Daesh suffers heavy losses in Syria despite Kurd pause

Fighters from the Syrian Democratic Forces (SDF) attend the funeral of one of their commanders. (AFP)
Updated 07 November 2018

Daesh suffers heavy losses in Syria despite Kurd pause

  • Waves of US-led airstrikes since Monday have killed 28 militants
  • Syrian Democratic Forces (SDF) killed another 17 Daesh fighters while defending their base in the village of Al-Bahra

At least 45 Daesh fighters have been killed around their last enclave in Syria despite a pause in a two-month Kurdish-led assault, a monitor said on Wednesday.

A Kurdish-led alliance backed by Washington announced the pause in its offensive in the eastern province of Deir Ezzor last week in protest against Turkish shelling of Kurdish areas along the northern border.

But waves of US-led airstrikes since Monday have killed 28 militants, including during an abortive Daesh assault on Tuesday on an oilfield north of the enclave, the Syrian Observatory for Human Rights said.

The Syrian Democratic Forces (SDF) killed another 17 Daesh fighters while defending their base in the village of Al-Bahra just outside Daesh-held territory on Monday, the Britain-based monitoring group said.

Alliance spokesman Kino Gabriel had stressed that the pause in offensive operations did not mean SDF fighters would not defend themselves. The SDF launched its offensive against the Daesh enclave around the Euphrates Valley town of Hajin on Sept. 10.

But after making slow progress, they suffered a major setback last month when Daesh took advantage of sandstorms to launch a series of counter-attacks.

By the end of the month, they were back at square one with all of the territories they had won recaptured by the militants.

The Hajin enclave is the last significant remnant of the “caliphate” Daesh proclaimed in 2014 across a vast swathe of Syria and neighboring Iraq.

The rest has all been lost to offensives by multiple alliances on both sides of the border.

Outside the Hajin enclave, the group’s operations are confined to sleeper cells and to hideouts in unpopulated desert and mountain areas.


Syria Kurds hand over four Daesh-linked children to Germany

Updated 42 min 10 sec ago

Syria Kurds hand over four Daesh-linked children to Germany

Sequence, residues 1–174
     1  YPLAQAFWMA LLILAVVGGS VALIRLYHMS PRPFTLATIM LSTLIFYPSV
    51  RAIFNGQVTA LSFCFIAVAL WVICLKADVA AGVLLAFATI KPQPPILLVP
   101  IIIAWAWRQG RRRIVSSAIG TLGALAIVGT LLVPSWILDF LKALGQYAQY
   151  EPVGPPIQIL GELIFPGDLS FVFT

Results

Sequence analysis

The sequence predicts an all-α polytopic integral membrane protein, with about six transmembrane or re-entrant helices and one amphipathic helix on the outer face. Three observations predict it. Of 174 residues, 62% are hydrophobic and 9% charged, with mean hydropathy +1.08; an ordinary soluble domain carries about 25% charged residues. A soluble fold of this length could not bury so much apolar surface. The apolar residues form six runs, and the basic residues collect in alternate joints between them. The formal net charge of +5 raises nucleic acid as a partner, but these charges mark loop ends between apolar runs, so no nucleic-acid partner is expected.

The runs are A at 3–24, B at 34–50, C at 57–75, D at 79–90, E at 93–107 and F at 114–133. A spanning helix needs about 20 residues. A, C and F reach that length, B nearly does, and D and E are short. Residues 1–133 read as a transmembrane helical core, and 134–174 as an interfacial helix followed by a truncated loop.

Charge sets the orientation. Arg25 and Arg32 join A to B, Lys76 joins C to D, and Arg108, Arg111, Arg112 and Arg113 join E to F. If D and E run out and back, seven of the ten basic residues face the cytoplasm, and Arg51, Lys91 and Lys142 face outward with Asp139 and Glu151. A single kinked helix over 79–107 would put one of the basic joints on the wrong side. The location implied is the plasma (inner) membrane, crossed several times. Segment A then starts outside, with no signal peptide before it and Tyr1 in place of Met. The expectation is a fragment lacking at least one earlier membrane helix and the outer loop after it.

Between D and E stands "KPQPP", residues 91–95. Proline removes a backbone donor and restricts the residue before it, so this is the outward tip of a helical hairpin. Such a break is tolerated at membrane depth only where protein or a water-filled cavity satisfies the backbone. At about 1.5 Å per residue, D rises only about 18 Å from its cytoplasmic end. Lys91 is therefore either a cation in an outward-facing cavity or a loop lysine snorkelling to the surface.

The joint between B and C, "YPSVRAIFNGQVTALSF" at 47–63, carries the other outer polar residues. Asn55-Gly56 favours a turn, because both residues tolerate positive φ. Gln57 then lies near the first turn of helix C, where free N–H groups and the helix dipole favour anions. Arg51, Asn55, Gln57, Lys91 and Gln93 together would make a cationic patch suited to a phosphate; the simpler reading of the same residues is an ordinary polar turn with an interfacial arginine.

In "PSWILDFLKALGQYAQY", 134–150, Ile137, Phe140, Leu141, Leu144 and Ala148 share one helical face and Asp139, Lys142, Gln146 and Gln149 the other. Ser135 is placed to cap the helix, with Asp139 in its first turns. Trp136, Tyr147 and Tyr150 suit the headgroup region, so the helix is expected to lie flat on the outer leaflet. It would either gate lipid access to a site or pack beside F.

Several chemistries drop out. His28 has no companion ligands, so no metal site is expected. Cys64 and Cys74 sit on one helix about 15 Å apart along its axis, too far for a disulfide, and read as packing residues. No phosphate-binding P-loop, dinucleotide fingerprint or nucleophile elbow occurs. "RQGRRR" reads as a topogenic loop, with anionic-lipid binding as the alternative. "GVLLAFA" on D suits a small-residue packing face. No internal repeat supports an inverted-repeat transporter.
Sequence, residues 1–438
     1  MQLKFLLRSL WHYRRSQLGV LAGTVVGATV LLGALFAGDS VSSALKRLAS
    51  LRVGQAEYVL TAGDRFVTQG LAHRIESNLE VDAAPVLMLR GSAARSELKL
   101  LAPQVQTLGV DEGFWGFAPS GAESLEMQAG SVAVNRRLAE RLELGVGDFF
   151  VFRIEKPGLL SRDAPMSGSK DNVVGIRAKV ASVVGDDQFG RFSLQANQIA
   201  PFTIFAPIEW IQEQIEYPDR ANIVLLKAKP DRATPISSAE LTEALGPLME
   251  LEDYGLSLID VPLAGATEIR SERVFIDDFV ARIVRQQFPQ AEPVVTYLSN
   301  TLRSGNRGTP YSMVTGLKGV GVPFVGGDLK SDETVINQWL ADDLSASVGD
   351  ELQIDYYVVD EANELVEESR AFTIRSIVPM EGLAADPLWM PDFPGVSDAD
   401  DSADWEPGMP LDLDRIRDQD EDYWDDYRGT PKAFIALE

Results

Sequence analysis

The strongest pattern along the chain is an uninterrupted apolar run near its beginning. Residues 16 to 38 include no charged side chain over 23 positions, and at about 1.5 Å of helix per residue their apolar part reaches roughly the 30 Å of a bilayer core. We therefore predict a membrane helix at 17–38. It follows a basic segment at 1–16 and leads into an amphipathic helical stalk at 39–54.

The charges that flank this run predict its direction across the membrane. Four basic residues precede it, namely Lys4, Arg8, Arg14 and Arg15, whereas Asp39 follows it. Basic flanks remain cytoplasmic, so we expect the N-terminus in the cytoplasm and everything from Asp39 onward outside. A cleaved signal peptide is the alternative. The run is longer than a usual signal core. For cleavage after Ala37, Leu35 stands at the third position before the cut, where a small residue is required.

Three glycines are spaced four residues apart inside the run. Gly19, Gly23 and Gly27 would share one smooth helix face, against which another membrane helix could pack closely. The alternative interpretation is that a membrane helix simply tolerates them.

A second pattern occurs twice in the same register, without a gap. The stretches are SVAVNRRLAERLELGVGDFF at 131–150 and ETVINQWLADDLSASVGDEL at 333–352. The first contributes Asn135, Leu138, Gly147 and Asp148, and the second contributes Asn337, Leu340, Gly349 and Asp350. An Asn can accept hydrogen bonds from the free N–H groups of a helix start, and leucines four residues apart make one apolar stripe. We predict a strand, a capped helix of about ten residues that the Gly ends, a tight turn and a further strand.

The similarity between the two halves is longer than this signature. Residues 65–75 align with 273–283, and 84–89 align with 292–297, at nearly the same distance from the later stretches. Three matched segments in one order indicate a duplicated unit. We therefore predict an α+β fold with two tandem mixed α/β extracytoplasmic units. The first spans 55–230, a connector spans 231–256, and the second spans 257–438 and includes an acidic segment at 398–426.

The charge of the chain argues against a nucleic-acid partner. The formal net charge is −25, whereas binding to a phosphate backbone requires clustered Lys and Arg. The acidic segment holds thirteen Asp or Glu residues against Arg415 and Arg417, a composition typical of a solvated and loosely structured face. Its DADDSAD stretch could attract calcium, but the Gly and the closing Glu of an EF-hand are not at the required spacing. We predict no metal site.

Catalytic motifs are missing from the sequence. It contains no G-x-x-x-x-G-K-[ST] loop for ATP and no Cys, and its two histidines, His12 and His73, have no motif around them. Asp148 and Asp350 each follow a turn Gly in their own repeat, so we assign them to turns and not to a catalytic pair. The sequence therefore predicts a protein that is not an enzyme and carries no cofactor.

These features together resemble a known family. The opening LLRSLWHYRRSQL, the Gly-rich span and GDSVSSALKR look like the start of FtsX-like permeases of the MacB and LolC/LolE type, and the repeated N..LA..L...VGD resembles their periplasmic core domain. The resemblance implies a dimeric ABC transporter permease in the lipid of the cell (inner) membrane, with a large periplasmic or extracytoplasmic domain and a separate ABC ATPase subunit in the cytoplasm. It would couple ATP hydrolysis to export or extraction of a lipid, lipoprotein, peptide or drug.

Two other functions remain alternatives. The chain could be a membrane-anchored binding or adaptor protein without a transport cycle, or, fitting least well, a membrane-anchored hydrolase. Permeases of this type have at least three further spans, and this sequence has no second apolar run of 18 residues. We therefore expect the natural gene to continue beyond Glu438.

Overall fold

• They included a boy and two sisters who had lost both parents, and a fatherless girl infant
  • A spokeswoman for the German foreign ministry confirmed the handover to staff from its consulate

SIMALKA CROSSING: The Kurdish authorities in northeast Syria on Monday handed over four children linked with the Daesh group to Germany, their first such repatriation to the European country, an official said.
“The autonomous region handed over four children from Daesh families to a delegation from Germany,” said Fanar Kaeet, a foreign affairs official with the Kurdish authorities.
They included a boy and two sisters who had lost both parents, and a fatherless girl infant who was repatriated for health reasons, Kurdish authorities said.
All are under 10 years old, they said.
A spokeswoman for the German foreign ministry confirmed the handover to staff from its consulate in neighboring Iraqi Kurdistan at the Simalka border crossing.
“I can confirm that four children who were in custody in northern Syria were able to leave Syria,” she said.
“The children were received on the Iraqi-Syrian border by staff of the consulate in Irbil and will be given to family members,” the spokeswoman said.
“From there, the children and their family members will, we believe, travel to Germany.”
Syria’s Kurds have spearheaded the US-backed fight against Daesh in Syria, and in March expelled the extremists from their last patch of territory in the war-torn country’s far east.
Even as they fight remaining sleeper cells, thousands of alleged Daesh fighters and family members are being held in their custody.
These include hundreds of suspected foreign fighters in their jails, and thousands of their alleged family members in overcrowded camps.
Western countries have been largely reluctant to repatriate their nationals.
But France and Belgium have brought a handful of orphans home, while the United States last year repatriated a woman with her four children.
Kazakhstan, Uzbekistan and Kosovo have repatriated dozens of women and children.
Daesh overran large parts of Syria and Iraq in 2014, proclaiming a “caliphate” there, but offensives in both countries have seen them lose that territory.
A dozen children of alleged jihadist fighters have been repatriated from Iraq to Germany since March.